Pumba (Warthog) in Kruger


And so, we made our way through Kruger park, delighting in the amount of zebra, giraffes and elephants we saw, which were in abundance. There were heaps of birds too, but I have to admit I find it very difficult to get excited about birds and kinda zoned out while people snapped various eagles and vultures and tried to identify the varieties against the Kruger guidebook pictures.



For me, the highlight of this day will always be Oliphants River where we stopped on the bridge and were able to get out and enjoy the extraordinary view on both sides across the water. In one single sweep of the eyes it was possible to see a herd of elephants, a couple of rhinos, a group of hyena picking the bones of a kill, baboons, zebra, giraffe and various boks. It was truly incredible to see all of this wildlife just right in front of you, seemingly oblivious to the tourists on the bridge above, pointing hundreds of lenses at them and gasping in awe.

Tegan and I watching the elephants in Oliphants


Elephants crossing the bridge

How many animals can you spot here?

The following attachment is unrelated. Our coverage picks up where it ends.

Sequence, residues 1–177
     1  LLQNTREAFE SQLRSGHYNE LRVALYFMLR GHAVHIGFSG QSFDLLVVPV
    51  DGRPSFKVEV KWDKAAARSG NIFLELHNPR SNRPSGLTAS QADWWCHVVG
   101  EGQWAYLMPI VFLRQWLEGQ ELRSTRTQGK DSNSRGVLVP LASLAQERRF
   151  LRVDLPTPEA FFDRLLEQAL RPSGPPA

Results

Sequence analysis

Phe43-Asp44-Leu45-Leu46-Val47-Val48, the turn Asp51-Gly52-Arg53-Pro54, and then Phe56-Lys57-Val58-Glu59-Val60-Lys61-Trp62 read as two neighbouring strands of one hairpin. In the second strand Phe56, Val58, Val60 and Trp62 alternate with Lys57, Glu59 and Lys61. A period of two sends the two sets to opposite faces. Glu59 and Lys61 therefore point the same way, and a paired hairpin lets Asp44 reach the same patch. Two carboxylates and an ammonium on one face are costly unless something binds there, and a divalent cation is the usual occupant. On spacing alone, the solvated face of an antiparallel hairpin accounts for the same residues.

After a good half an hour watching the world of African wildlife go by below us, we made our way to Letaba Rest Camp which was to be our base for the evening. We arrived around 1.30pm and were pretty hungry but due to go out on a game drive at 4pm. Surely this was sufficient time to order and eat lunch in the branch of Mugg & Bean they had on site, right? Well, we cut it pretty close actually. By the time we had checked in, got changed and headed to the restaurant it was gone 2pm – but we still figured we had time and ordered a couple of flatbreads and a couple of beers. It was a beautiful spot as the deck overlooked another section of Oliphant’s river delta and far below us we watched some hippos swimming dangerously close to a large croc on the river bank.

Our traditional hut at Letaba


Beers arrived, other members of our group turned up and ordered food, Sam took this great shot of Stu and I – one of few of us together on the holiday, as it happens. 



Other people’s food started arriving, I chased up our flatbreads and was told they were on their way. Stu realised he should probably go stock up on water etc for our room as it was now 3pm and we might not get time before heading out on the drive. The rest of our group were now starting to head off to prepare for the drive. At 3.30pm our flatbreads arrived. It was a TIA moment I believe. I did wonder if they baked the flatbread from scratch, hence the delay. Oh well.